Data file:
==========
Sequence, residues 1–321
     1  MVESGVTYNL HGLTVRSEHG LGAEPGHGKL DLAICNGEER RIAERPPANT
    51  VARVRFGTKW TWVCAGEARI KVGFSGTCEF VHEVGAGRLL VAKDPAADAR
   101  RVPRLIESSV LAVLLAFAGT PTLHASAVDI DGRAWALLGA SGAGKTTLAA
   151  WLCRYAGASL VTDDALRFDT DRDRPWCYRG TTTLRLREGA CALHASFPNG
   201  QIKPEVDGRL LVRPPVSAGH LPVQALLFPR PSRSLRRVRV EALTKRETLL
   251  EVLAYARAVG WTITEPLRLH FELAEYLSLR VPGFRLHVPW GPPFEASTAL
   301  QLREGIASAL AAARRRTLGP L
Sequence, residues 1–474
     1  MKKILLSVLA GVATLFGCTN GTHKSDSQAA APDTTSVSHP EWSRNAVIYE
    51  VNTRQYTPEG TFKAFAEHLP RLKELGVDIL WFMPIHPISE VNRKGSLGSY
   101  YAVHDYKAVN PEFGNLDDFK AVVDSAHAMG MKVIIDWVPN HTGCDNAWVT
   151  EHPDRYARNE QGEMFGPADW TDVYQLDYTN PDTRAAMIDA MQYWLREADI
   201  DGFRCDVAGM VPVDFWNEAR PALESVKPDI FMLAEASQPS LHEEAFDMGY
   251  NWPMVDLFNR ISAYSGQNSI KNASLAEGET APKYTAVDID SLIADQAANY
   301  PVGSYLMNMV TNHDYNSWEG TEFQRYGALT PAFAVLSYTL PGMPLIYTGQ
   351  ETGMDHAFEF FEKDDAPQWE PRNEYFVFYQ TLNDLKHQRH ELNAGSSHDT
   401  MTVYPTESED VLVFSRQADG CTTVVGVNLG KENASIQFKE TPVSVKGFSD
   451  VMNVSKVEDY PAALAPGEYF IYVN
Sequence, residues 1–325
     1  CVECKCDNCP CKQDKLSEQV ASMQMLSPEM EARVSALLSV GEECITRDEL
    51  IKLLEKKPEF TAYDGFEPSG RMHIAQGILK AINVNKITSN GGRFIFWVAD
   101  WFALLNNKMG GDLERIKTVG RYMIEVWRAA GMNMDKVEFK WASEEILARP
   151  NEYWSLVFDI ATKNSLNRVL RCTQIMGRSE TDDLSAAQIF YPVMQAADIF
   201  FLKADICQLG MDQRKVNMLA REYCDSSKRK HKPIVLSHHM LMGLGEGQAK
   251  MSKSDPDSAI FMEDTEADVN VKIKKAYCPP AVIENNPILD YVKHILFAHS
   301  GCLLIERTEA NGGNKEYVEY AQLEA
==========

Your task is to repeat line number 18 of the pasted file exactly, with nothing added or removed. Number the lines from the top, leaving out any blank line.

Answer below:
   401  MTVYPTESED VLVFSRQADG CTTVVGVNLG KENASIQFKE TPVSVKGFSD